Indian Hotels was definitely not letting the property without a fight. After all, the iconic Taj Mansingh has been with the group since 1978 when the lease first came its way. After the lease expired in 2011, the iconic property has been in the midst of court cases accompanied by inevitable political intrigue and twists, with Indian Hotels seeking to extend the license nine times. At the end of it, the Tata Group-owned company eventually won the 33-year lease agreement for the 292-room property outbidding ITC. Iconic properties are the crown jewels for any hotel chain. No wonder then it was willing to pay the New Delhi Municipal Corporation a license fee of Rs.70.3 million per month as against Rs.39.4 million that it was paying earlier.
Indian Hotels boasts of more than a handful of iconic hotels in their portfolio — The Taj Mahal at Mumbai, The Connemera in Chennai, The Umaid Bhawan in Jodhpur and Rambagh Palace in Jaipur. To be sure not all of them are equally profitable. For instance, Taj Mansingh brings in a revenue of Rs.2.2 billion, with an Ebitda margin of 20%. In contrast, the Taj Mahal generates a revenue of around Rs.4.5 billion with an Ebidta margin of 40%. While the Taj Mahal is a larger property, there is a significant difference in margins. After the hike in license fees, analysts expect Taj Mansingh to make an Ebitda of about Rs.250 million. With the occupancy in the capital’s hotels at 70% — the highest ever in eight years — analysts expect the planned renovation at the hotel to bring in higher room rates and revenues.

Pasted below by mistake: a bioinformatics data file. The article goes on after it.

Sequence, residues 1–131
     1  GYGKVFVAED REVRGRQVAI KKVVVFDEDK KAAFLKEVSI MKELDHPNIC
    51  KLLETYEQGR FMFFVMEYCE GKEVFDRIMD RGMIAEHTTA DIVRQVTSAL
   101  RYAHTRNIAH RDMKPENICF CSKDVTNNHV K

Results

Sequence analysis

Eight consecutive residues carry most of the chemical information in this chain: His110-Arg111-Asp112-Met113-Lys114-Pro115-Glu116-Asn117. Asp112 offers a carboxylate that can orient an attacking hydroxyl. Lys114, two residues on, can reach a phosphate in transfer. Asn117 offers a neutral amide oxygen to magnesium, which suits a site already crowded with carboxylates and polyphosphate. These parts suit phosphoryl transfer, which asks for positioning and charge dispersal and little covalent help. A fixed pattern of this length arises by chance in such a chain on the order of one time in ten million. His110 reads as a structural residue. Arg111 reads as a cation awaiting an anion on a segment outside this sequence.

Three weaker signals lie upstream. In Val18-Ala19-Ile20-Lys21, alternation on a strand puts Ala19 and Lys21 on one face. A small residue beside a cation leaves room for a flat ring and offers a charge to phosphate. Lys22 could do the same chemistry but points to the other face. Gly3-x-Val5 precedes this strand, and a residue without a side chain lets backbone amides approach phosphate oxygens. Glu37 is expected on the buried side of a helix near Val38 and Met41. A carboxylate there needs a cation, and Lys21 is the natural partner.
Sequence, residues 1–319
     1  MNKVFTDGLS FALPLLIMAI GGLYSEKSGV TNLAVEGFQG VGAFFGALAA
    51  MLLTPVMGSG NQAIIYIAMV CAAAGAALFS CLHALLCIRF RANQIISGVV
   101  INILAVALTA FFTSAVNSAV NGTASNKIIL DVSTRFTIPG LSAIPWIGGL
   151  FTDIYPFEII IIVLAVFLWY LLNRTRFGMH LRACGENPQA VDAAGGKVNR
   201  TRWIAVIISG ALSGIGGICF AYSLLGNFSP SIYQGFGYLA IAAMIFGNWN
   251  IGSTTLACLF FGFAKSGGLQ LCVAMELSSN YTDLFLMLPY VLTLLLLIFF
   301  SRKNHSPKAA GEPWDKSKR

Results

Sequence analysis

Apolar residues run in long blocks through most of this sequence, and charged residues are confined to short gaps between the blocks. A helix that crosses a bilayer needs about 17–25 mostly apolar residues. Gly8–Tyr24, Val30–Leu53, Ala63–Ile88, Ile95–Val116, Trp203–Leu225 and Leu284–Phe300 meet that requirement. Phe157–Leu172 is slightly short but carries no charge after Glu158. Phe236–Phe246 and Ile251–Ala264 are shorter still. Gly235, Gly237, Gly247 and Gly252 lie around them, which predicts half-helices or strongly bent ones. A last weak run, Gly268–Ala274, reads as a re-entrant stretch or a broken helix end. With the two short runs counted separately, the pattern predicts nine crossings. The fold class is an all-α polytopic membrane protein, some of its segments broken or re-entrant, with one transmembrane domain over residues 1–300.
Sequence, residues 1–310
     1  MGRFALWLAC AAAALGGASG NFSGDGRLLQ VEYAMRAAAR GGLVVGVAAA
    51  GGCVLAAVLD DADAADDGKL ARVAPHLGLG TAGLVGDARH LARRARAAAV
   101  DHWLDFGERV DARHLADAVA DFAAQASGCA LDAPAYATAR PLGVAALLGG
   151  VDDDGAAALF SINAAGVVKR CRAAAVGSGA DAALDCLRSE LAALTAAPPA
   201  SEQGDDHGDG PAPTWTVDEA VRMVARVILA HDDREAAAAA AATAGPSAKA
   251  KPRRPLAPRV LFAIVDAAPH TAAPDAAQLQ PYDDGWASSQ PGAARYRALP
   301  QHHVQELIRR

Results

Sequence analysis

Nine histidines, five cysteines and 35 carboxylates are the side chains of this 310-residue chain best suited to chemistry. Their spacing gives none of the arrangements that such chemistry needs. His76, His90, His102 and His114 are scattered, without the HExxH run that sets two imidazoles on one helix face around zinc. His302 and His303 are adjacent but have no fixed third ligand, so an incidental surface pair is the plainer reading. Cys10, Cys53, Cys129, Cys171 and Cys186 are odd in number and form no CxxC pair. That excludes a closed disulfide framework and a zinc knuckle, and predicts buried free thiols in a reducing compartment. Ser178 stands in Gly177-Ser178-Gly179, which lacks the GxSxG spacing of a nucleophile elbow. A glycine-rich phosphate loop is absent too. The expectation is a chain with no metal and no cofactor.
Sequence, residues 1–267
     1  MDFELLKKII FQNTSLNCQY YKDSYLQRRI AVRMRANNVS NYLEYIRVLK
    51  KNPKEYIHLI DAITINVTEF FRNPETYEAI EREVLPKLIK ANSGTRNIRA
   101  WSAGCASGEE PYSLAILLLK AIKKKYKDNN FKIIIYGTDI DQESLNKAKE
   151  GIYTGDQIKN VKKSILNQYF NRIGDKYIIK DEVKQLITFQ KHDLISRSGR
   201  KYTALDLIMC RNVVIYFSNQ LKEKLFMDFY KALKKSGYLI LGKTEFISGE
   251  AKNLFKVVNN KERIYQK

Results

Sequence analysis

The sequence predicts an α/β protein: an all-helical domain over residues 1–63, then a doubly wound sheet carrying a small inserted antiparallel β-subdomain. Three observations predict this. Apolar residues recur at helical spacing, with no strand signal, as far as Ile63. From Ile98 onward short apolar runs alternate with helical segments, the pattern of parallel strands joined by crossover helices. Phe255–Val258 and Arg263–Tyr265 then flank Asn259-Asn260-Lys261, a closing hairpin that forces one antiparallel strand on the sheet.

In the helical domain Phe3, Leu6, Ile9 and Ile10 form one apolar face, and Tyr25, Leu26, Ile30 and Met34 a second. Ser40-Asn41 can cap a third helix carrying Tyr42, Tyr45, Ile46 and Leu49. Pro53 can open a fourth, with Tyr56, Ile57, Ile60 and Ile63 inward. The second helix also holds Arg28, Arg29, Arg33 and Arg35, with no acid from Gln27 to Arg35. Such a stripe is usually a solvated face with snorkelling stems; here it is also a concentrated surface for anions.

A lot will be riding on the history of the property, a 32-room property originally home to Fonseca’s, which was brought down to make way for the Taj Mahal Hotel. Its opening in 1978 had a fashion show with Yves Saint Laurent displaying his line of clothes. By the early '80s, it came to be addressed by the city’s residents as Taj Mansingh after the road on which the property is located. Its marquee guest list includes international musicians, sportsmen and leading businessmen, with individuals such as billionaire NRI, Dadi Balsara having stayed there for 36 years. Stories of how Rolling Stones’ Mick Jagger checked in without a fuss to watch a cricket match in the 1980s or George Harrison of the Beatles walking into the hotel casually after his spiritual tour of Rishikesh adorn the walls of this iconic property, as it slowly gets ready for the next phase of its journey.